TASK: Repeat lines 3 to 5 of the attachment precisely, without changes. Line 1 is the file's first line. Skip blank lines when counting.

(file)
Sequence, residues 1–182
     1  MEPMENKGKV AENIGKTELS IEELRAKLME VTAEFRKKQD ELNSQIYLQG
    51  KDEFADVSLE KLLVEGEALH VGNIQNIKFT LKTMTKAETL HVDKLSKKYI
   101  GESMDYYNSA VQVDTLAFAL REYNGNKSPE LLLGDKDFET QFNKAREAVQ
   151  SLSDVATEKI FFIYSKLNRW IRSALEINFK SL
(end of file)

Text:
    51  KDEFADVSLE KLLVEGEALH VGNIQNIKFT LKTMTKAETL HVDKLSKKYI
   101  GESMDYYNSA VQVDTLAFAL REYNGNKSPE LLLGDKDFET QFNKAREAVQ
   151  SLSDVATEKI FFIYSKLNRW IRSALEINFK SL